If you are successful, awesome! One more beacon lit! If you are not, and there is an ICKSP or FSSP parish around, you might consider moving on to a place where you won’t have to constantly fight for what the Church should be providing for you. Especially if you have children, you only have so many years of taking them to Mass, and they learn a lot by what they see at Mass.

  8. WmHesch says:

    When the ordinary form is said or sung well ad oriented, most differences become academic… You can only play the “reverence” card so far… and I suspect it will become more difficult to play as newly minted priests follow the proverbial red.

    The Calendar’s another animal: Septuagesima season, ember days, rogations- following the extraordinary form Calendar makes one more attune to the seasons… For the sake of the planet, we need the traditional calendar!!

    Also, the cycle of readings. How cool is it hear the exact same readings as the great doctors of the Church- and your own ancestors? A consistent cycle of readings unites the Church across space and time. St. Anthony of Padua never left us notes on Year C Sunday’s… But he bequeathed us a rich repertoire on readings compiled by St Greg the Great, for example.

    The Calendar and Reading Cycle pushed me over exclusively to the traditional Rite- and I come from a parish whose principal Mass is a very reverent Novus Ordo sung in Latin.

  9. mthel says:

    One place to start might be to look for a group in your area, such as Juventutum, to host a mass at your parish.

    My parish is a beautiful old church with the high altar still in place – a great place to host an EF Mass. When I approached the pastor, he mentioned an interest, and even said he had been studying the EF, but the time he was spending running two parishes with no associate meant that him finding time to learn it and add an EF mass to schedule was unfortunately not going to happen in the near future. He then mentioned that Juventutum in my area was searching for parishes that would be willing to host an EF mass on occasion. I contacted them (i.e., I did the work, not my busy pastor), and we are now in talks to have them, with a priest of their choosing, come in this fall and host such a mass. It should be a good time to gauge the interest of other parishioners, and certainly find out who is at least open to such a mass.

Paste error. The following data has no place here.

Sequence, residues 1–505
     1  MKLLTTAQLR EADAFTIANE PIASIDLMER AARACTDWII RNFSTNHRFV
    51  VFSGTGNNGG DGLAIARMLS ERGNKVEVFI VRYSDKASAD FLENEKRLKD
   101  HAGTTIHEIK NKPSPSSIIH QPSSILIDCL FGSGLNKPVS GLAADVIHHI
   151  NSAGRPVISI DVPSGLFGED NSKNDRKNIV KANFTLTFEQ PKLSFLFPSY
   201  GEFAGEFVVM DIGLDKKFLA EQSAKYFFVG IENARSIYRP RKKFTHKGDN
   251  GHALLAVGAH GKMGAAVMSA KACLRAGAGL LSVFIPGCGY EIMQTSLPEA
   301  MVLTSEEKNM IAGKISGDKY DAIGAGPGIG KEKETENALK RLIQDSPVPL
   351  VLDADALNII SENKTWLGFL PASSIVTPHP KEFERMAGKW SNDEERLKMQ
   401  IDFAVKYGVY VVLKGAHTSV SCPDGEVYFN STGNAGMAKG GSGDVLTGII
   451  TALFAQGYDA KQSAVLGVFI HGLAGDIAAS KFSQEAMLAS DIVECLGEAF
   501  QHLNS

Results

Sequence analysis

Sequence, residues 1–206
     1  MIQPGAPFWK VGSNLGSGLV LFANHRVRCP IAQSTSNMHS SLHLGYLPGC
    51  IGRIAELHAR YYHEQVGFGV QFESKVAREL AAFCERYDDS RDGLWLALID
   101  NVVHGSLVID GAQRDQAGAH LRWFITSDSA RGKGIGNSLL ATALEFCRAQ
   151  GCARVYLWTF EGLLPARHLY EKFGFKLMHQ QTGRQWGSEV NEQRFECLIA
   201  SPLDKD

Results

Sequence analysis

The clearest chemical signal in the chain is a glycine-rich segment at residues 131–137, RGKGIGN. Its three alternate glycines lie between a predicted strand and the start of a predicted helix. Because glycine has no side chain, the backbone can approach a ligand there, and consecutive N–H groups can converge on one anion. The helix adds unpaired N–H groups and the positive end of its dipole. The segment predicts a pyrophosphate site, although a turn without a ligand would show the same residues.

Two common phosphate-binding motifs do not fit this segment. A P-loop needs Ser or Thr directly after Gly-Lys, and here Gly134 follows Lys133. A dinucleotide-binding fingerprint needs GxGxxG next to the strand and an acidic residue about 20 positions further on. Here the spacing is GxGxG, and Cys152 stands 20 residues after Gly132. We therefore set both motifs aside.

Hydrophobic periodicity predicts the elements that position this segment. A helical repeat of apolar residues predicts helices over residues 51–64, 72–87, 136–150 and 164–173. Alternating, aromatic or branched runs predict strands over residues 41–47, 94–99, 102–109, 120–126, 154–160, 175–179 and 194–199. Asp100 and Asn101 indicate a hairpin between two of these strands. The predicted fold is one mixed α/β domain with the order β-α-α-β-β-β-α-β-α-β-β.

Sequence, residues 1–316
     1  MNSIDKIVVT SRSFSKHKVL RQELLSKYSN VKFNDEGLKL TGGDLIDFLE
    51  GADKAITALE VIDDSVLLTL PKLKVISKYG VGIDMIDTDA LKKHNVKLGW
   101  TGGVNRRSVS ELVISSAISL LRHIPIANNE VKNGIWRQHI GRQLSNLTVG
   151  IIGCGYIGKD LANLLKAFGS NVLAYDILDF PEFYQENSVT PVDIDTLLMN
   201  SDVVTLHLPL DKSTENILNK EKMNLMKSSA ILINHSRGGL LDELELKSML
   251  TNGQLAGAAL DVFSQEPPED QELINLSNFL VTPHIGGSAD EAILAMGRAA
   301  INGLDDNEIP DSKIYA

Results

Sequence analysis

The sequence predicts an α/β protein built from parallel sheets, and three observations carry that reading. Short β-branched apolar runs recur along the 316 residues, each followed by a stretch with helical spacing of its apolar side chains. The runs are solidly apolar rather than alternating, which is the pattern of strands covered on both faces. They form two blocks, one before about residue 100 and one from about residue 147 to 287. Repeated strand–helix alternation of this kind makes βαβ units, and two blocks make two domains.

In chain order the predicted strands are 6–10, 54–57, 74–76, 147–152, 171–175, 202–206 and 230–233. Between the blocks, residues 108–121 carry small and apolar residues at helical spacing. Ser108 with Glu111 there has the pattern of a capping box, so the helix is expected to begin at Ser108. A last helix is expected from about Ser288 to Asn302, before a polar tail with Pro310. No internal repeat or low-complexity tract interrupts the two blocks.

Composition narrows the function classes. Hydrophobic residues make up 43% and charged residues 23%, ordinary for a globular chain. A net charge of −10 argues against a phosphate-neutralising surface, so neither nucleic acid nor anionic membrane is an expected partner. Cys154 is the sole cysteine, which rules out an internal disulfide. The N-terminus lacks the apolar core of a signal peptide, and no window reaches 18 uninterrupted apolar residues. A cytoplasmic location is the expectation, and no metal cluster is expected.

10. Fr. Reader says:

    Tell the priest that you will take care of everything, and he will not have extra work.

  11. PTK_70 says:

    Practically speaking, it’s probably easiest to get this done at a parish which has at least two priests assigned.

    In my estimation, you will need to build a choir which is capable of some form of plainchant. So I fully agree with the other comments made about forming a choir. Said choir can cut its teeth for a year or more at one of the usus recentior Masses.

    Your pastor may be reticent to put an EF Mass on the schedule if he thinks that might bring about some kind of split in the parish. To mitigate this concern, use the terminology that Pope Benedict XVI employed in Summorum Pontificum and encourage others to do the same. Use “extraordinary form” or usus antiquior in place of the ambiguous term “traditional Latin Mass”. Use “ordinary form” in place of the noxious term “Novus Ordo”. Or use the term usus recentior, which is something I saw from Cardinal Sarah. There is but ONE Roman Rite, which holds two forms: the traditional or “extraordinary” form and the post-conciliar or “ordinary” form. (There is also an Anglican Use, but that’s not the concern here.) Whether the form be traditional or post-conciliar, both are Latin Masses. They’re certainly not Byzantine.

    I am rather convinced that the continued use of “TLM” and “Novus Ordo” perpetuates ignorance regarding the oneness of the Roman Rite, a oneness which the beloved pope emeritus clearly affirmed in Summorum.

  12. Gratias says:

    Try to get an out side priest and if possible a schola come give a sung mass and a talk once. Help serve mass yourself so someone from the parish participates. Have a pot-luck that one day.

    If that works, for a year or two have the TLM, sung if possible) one Sunday a month.

    If nothing works arrange with the pastor that when you pass on you request a sung Latin Réquiem Mass. Sometimes in death we do good things. I know a family, biritual like us, that have had three sung funeral Latín masses for their deceased mother in all three dioceses she had lived in.

    Forming an Una Voce Chapter used to be the way to go. Unfortunately once the FSSP gets into a Diocese they rapidly close it down to become the only Latin Parish in town.

    The easiest is to travel how many miles necessary a few Sundays to see if you are up to the effort necessary.

    Or today 13 of May 2017 and every 13 for the next few months you could pray a Rosary to the Virgin of Fátima that Pope Francis will reach a personal prelature arrangement with the now separated SSSP which would bring 600 new priests to the Traditional Latín Mass.

    We have it very good here in the USA since the Summorum Pontificum 10 years ago. But it took huge amounts of work and money. The USA will be like the medieval Irish monasteries and preserve the Faith for future generations. Every effort is worth the energy invested in keeping our Church distinctly Catholic.

  13. Alzette says:

    The question of “what Catholics want” is a typical post Vatican Two discussion. It presupposes two things: truth is subject to democracy, and the Mass is for entertainment.

    If it is agreed that the TLM is right, it MUST be reinstated

  14. Alzette says:

    There is also the question of emphasis. The New Mass was designed to be ecumenical and therefore downplays things that disturb Protestants especially the Real Presence, the Sacrificial nature of the Mass and the intercession and invocation of saints and angels. True, these things have not disappeared, but blink and you miss them in the NO.

    The strongest argument for the TLM is the theological impact on the spirituality of those present

  15. William says:

    The Saint Peter Fraternity offers a “total immersion” program of Spanish at their Mexico headquarters. Were you to defray the costs for sending a priest of your diocese for this training, your bishop would be most agreeable. While he’s learning to speak Spanish, your priest will be constantly exposed to the EF, and will no doubt even participate. He’ll learn the EF by osmosis!